Healthy eating is important for overall wellness. But individuals who hyperfocus on clean or super-healthy foods may develop Orthorexia Nervosa (ON), a condition based on anxiety-provoking, restrictive eating patterns. Though the emerging condition has not been formally recognized by the American Psychiatric Association’s (APA’s) official disorders manual, it has recently gotten more attention in research studies. These discoveries have revealed links between orthorexia and other closely-related disorders, such as anorexia nervosa (AN) and obsessive-compulsive disorder (OCD).
Read on to review the signs and symptoms of orthorexia. Then understand risk factors and potential causes. Finally, explore comparisons to two other disorders with many overlapping elements: anorexia and OCD.
Orthorexia Nervosa (ON) is a condition centered on healthy eating where individuals feel excessive emotional distress from food choices perceived as unhealthy. This distress may lead to restrictive eating that causes unintended weight loss, malnourishment, and problems with relationships. While orthorexia is not a recognized eating disorder, clinicians have observed and studied the condition for several years.
Researchers and clinical experts have proposed diagnostic criteria including several key signs and symptoms of orthorexia.
Studies show that orthorexia affects 1%-6.9% of the U.S. adult population, though other eating disorders occur at around 1%, indicating that 1% may be a more realistic estimate. Prevalence may also vary among populations in different countries, especially since there is some debate about the potential impact of cultural influence on this disorder.
Also, studies have revealed greater vulnerability to orthorexia among different population groups. For example, athletes, doctors, dieticians, and individuals who follow veganism tend to focus closely on food and its impact on the body. Since a key behavior in orthorexia is dietary restriction, this focused perspective may be associated with increased risk.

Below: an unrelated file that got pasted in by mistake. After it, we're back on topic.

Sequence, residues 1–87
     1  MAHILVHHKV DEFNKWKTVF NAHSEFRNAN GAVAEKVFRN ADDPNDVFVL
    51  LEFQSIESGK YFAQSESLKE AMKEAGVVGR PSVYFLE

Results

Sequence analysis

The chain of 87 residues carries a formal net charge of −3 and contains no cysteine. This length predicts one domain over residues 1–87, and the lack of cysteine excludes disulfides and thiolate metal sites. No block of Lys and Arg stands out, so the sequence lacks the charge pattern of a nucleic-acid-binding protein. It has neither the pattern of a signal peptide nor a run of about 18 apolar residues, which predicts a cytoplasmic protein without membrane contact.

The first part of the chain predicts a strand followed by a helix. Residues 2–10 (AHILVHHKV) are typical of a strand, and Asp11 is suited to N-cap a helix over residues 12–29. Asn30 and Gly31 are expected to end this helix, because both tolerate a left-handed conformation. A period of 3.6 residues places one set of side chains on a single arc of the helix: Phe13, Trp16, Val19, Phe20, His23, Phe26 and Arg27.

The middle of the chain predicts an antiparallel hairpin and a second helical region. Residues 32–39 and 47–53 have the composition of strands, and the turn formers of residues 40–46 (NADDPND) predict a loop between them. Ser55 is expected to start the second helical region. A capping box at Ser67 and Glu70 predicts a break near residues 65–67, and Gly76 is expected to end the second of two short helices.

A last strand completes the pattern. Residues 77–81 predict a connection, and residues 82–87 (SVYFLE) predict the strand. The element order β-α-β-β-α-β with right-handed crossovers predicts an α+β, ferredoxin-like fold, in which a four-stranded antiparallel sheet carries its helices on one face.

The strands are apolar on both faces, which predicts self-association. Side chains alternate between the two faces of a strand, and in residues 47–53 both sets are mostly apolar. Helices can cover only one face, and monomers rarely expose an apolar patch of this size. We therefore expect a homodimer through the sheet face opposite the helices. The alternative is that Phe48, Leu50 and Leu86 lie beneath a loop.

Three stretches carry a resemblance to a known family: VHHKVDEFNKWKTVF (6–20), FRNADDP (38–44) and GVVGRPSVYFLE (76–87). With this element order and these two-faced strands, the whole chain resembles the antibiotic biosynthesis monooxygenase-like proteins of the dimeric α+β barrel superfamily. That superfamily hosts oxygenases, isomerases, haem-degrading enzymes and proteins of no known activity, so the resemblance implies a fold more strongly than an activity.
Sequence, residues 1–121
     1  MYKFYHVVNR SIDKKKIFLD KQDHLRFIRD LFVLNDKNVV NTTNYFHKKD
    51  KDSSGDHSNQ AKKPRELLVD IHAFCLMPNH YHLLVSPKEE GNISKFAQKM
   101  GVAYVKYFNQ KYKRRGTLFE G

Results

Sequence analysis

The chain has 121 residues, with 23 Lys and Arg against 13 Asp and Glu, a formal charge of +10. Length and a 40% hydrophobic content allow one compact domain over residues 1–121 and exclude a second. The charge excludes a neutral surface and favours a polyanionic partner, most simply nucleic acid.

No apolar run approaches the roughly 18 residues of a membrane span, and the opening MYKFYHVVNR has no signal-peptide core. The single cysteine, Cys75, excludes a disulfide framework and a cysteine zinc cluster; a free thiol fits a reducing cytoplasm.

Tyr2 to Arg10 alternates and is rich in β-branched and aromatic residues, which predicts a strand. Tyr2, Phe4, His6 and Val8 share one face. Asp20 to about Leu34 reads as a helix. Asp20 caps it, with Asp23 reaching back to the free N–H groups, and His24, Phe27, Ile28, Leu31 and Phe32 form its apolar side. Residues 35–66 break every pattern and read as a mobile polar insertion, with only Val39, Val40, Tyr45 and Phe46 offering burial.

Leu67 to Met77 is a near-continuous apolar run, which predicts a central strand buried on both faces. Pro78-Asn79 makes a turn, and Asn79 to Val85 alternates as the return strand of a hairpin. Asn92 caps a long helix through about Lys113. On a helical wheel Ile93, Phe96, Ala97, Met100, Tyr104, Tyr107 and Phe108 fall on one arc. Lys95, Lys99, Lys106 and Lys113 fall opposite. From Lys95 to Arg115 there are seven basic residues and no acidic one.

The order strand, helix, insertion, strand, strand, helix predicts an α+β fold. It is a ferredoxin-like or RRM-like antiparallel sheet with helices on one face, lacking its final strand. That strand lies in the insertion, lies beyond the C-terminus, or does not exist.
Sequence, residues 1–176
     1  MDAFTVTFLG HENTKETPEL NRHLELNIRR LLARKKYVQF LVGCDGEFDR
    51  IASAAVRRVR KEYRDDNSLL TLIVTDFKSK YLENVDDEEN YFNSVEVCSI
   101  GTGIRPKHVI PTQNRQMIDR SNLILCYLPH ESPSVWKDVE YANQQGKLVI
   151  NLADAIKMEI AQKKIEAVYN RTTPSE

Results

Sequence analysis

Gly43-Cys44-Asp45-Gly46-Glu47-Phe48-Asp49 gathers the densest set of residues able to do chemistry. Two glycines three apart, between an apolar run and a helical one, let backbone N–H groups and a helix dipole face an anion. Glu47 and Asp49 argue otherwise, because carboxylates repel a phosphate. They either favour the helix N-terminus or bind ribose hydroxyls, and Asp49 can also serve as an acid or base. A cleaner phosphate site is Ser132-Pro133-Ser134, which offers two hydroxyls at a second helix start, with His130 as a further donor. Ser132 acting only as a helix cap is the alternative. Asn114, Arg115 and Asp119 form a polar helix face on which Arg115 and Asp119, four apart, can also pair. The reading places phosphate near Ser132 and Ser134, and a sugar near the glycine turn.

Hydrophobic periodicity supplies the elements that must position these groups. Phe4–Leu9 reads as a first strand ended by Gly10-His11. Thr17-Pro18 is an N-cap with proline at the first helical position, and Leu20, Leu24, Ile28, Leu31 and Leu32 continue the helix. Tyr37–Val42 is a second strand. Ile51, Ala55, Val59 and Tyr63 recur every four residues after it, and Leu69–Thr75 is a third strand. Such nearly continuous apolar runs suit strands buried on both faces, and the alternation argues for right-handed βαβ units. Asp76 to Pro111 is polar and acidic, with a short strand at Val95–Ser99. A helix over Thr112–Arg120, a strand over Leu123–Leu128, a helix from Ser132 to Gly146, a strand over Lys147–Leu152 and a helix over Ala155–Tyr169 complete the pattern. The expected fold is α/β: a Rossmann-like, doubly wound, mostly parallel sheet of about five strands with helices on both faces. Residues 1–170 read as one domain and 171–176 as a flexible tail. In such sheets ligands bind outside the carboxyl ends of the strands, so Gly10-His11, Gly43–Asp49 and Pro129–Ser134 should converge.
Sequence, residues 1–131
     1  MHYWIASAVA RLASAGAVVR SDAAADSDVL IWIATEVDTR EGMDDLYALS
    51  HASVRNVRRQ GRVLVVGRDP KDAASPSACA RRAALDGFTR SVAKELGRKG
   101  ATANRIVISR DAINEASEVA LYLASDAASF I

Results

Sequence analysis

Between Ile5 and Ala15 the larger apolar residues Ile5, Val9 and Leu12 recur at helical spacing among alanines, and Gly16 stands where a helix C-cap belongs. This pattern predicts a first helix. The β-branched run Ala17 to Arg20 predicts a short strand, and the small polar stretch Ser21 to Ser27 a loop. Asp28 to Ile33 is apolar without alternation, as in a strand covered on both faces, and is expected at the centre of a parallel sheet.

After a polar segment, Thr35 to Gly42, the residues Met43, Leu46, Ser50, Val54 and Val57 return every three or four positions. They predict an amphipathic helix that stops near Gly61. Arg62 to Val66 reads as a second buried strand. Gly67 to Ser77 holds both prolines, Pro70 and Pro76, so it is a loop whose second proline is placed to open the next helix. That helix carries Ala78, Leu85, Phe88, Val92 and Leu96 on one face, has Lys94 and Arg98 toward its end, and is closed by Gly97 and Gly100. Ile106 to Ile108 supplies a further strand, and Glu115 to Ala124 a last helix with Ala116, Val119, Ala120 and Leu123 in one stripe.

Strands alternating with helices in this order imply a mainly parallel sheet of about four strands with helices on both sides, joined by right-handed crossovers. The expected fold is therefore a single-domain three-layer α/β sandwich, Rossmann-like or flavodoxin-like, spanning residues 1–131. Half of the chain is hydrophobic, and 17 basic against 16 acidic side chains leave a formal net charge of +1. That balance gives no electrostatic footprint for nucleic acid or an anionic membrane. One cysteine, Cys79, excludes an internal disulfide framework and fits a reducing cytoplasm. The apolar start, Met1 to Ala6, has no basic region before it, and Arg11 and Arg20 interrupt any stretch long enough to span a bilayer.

The exact causes of orthorexia are not yet known. However, research has revealed several risk factors common to other conditions involving rigid thinking, obsessive thoughts, and compulsive behaviors, such as eating disorders and obsessive-compulsive disorder (OCD).
Researchers have observed that individuals with orthorexia have similar neurocognitive deficits as those with anorexia nervosa. These include problems with flexible problem solving, external attention, and working memory. Brain scans have also revealed several irregularities, such as poorly regulated activity in brain regions associated with food-related reward, obsessions, and compulsive behavior.
Multiple research studies have found the orthorexia risk factors that do not directly cause the disorder may nevertheless contribute to its development. It was additionally discovered that many risk factors for orthorexia and anorexia overlap.
Common Risk Factors of Orthorexia Include:
Debate continues as to whether orthorexia is a part of a continuum of eating disorder risks and patterns, a precursor to anorexia nervosa (AN), or if it stands alone as a distinct condition. Regardless, orthorexia’s focus on restrictive eating patterns and emotional disturbance lends itself to a comparison with anorexia.
Similarities Between Orthorexia and Anorexia Include:
Differences Between Orthorexia and Anorexia:
Research has revealed many compelling connections between orthorexia and obsessive-compulsive disorder (OCD), and understanding these links begins with reviewing the elements of OCD.